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Analytical Cellular Pathology
Volume 2014, Article ID 274134, 1 page
http://dx.doi.org/10.1155/2014/274134
Meeting Abstract

The Use of Virtual Microscopy and a Wiki in Pathology Education: Tracking Student Use, Involvement, and Response

New York College of Podiatric Medicine, New York City, NY 10035, USA

Received 2 September 2014; Accepted 2 September 2014

Copyright © 2014 Zev Leifer. This is an open access article distributed under the Creative Commons Attribution License, which permits unrestricted use, distribution, and reproduction in any medium, provided the original work is properly cited.

Background

The Pathology Laboratory course at the New York College of Podiatric Medicine involves the use of Virtual Microscopy. As with traditional microscopes, the students can scan the whole slide, section by section, and zoom in or out for further detailed study. Using the advantages of Digital Pathology, the students can, in addition, access the slide collections from other medical schools and put up normal histology (control) slides side-by-side with the pathology. They cut and paste and preserve the ROI that they find. They edit and annotate (circle, underline, label, add arrows, etc.). The creation of a wiki, its application, and the student response to it are yet another level of preprofessional training to the above.

Method

A wiki was created (http://pathlab2014.wikifoundry.com/) for the Class of 2014. The students saved, edited, and uploaded their slides. In the wiki format, other students could comment, further edit, and even delete the slides.

Results

216 images were uploaded. These were available in one full presentation. They were also grouped into sixteen albums, grouped by the topics in Systemic Pathology. They were available to all. The student access was followed by Google Analytics. This provided a detailed analysis of student use. At the end of the course, a questionnaire was distributed, assessing their impression of the wiki format and soliciting strengths and weaknesses. Over one hundred sets of comments were obtained. Most comments were favorable, describing particular features that they liked, such as ease of use, sharing of notes, aids in exam preparation, and permission for students to work together. Negative comments were mostly directed to technical issues of accessing and using the site.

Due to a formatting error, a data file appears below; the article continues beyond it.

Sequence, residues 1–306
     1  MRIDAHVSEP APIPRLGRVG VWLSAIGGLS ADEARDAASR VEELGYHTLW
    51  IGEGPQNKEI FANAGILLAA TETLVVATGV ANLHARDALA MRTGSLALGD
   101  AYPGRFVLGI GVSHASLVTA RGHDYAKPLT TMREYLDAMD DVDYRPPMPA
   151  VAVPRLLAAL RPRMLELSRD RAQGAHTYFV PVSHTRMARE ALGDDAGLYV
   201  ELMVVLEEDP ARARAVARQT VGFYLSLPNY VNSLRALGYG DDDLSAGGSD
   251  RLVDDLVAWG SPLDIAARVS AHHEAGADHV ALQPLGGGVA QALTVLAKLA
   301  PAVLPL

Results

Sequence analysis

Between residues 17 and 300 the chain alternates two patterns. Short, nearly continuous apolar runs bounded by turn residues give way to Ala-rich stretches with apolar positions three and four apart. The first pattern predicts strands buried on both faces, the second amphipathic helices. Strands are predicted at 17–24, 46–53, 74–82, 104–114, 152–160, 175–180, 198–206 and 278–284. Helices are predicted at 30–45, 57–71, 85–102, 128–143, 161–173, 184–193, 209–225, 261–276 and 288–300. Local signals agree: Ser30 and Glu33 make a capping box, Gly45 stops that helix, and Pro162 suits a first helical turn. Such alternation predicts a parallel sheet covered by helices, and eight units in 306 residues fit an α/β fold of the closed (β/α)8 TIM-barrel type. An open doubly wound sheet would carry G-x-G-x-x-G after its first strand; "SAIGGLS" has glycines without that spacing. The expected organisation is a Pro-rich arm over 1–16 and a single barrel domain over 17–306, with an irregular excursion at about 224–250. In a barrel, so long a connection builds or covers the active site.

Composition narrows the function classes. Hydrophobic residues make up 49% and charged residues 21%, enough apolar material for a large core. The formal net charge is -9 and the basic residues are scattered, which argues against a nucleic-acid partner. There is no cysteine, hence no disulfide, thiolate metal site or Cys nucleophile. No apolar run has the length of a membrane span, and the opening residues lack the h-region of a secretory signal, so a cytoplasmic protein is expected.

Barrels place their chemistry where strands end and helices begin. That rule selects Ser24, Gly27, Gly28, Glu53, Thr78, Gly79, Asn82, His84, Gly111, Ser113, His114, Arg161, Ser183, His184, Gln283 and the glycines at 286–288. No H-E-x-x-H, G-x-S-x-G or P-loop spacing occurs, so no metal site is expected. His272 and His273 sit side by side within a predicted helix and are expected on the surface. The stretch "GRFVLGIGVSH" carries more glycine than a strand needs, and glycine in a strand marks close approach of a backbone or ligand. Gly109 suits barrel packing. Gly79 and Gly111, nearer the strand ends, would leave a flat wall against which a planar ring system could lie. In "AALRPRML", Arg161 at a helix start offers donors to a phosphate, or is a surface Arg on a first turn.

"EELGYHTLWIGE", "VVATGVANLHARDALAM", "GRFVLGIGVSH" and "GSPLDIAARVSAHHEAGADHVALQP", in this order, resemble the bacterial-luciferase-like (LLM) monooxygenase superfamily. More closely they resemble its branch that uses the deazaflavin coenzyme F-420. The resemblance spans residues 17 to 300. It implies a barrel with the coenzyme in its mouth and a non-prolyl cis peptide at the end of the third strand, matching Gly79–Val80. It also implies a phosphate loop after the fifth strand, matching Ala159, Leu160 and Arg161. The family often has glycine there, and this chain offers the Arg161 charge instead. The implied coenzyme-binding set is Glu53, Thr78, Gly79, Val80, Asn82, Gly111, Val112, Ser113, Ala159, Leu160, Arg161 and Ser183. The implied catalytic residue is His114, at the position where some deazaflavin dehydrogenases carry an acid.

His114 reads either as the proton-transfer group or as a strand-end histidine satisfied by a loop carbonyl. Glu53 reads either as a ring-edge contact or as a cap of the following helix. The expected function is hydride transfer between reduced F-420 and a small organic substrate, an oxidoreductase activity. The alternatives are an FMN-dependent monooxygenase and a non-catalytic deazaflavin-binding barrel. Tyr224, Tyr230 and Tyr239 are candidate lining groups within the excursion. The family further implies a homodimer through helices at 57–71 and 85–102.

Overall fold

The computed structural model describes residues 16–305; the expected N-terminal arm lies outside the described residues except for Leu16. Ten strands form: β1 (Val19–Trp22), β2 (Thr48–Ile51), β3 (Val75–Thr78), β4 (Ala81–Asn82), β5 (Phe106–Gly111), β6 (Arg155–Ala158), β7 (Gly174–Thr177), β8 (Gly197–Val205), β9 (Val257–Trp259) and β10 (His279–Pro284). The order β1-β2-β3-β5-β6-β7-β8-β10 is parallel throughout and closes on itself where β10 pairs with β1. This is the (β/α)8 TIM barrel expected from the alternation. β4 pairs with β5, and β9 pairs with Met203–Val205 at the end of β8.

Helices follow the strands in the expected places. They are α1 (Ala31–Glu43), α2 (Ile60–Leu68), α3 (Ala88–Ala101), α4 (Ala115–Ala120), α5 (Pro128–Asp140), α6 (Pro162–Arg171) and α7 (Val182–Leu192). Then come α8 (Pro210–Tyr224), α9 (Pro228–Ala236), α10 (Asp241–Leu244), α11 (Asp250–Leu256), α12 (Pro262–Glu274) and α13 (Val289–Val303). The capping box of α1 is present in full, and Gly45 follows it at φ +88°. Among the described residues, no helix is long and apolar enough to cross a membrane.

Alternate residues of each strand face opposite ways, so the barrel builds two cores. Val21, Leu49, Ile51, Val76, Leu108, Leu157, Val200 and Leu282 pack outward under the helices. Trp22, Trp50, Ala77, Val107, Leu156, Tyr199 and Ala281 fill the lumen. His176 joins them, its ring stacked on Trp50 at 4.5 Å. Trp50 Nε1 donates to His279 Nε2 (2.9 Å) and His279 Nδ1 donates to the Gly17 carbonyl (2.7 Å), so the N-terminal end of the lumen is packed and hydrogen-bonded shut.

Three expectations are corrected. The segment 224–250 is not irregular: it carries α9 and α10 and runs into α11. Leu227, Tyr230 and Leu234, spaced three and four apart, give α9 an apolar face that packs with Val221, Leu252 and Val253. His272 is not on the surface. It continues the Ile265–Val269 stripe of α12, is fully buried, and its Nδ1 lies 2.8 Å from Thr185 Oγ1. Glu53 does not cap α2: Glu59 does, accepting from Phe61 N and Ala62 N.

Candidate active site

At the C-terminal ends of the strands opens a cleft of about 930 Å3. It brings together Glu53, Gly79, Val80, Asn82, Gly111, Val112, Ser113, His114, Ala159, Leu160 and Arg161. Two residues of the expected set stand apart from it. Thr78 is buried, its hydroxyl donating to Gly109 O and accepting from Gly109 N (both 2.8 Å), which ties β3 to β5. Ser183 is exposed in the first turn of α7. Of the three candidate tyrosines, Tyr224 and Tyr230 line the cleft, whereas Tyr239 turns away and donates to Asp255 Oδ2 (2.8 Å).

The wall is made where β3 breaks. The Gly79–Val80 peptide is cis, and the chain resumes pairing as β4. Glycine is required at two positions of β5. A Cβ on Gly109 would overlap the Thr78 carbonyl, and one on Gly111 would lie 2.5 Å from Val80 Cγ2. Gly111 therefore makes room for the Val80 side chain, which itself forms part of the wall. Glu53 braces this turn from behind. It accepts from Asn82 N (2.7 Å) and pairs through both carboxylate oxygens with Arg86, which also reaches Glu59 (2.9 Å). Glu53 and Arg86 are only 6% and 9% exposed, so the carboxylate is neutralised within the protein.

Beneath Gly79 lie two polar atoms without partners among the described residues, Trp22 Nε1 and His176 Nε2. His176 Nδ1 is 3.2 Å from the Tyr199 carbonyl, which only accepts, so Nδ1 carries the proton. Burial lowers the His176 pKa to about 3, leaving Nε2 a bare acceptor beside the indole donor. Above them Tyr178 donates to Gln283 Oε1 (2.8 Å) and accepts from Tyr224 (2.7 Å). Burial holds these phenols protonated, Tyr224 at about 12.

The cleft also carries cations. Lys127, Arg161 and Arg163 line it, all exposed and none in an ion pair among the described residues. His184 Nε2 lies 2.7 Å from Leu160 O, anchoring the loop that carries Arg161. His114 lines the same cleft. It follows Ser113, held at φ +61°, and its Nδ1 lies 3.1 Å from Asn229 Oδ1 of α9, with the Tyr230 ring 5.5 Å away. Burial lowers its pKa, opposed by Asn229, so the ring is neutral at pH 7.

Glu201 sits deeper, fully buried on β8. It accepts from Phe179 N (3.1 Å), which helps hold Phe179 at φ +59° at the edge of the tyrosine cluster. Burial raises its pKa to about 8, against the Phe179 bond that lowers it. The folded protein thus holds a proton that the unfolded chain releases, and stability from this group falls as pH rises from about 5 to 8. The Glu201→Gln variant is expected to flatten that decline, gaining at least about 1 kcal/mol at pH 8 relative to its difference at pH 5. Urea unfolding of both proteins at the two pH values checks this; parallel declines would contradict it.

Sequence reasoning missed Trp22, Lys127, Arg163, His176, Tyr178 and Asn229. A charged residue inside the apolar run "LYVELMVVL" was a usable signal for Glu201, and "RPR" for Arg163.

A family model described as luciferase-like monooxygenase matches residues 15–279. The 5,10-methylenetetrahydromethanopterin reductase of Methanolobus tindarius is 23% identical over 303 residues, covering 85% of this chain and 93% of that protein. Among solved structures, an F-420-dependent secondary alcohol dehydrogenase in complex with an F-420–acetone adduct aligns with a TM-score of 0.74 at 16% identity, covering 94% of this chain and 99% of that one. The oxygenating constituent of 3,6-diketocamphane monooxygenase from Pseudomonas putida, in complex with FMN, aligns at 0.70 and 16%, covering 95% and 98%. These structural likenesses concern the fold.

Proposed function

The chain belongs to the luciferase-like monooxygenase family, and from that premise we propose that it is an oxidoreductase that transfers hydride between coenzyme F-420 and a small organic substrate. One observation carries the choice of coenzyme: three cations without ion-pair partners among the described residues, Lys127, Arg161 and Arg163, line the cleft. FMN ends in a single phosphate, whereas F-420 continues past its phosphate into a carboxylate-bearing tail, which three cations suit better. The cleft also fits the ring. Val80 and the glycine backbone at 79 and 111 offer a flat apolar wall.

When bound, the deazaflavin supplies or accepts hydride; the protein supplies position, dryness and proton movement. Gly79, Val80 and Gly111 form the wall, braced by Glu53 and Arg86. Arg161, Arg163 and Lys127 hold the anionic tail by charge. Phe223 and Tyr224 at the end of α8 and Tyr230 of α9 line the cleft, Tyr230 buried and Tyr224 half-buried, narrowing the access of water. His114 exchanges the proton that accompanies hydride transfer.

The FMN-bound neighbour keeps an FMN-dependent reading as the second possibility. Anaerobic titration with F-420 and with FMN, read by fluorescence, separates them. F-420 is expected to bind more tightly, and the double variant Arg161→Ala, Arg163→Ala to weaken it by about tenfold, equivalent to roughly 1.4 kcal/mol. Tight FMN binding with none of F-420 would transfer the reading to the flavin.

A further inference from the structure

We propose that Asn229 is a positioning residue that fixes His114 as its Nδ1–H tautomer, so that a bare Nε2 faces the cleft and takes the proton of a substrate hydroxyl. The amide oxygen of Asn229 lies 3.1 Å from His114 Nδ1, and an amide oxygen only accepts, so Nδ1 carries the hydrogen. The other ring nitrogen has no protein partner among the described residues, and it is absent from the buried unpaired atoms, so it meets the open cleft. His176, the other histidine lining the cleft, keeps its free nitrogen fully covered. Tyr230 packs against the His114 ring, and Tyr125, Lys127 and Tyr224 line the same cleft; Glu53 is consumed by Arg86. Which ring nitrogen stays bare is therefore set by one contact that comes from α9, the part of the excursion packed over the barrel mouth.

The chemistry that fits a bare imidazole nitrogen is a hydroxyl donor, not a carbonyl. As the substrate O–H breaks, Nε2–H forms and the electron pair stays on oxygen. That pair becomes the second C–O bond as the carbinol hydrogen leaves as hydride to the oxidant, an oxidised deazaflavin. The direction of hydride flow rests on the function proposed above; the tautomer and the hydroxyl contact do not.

Conclusions

The use of a wiki as described has a number of important advantages in Pathology Education. It trains the students in the more sophisticated skills that they will use as professional pathologists or as clinicians: (1) Telepathology—it enables them to gain skill in putting up slides on the internet, sharing and discussing the observations. This parallels the process of Tumor Boards and consultation for group consensus. (2) Archiving and Retrieval—it models the challenge faced by hospitals, diagnostic labs, and physicians in maintaining a collection of slides in a form that is easily accessible, always available, and universally sharable. With the album feature, slides can be multiply stored, by patient name, by pathology, by tissue type, and so on. (3) Image Analysis—while not generally used in an undergraduate lab, familiarity with a wiki format allows them to jump easily to capturing and storing images found in the literature or provided by colleagues or the diagnostic lab pathologist’s report that have been stained for tumor markers or other diagnostic staining techniques.

Experience with the use of a wiki in Pathology Education has been quite satisfactory from both the faculty and the student’s point of view. It has a number of training advantages in the ever-expanding world of Digital Pathology.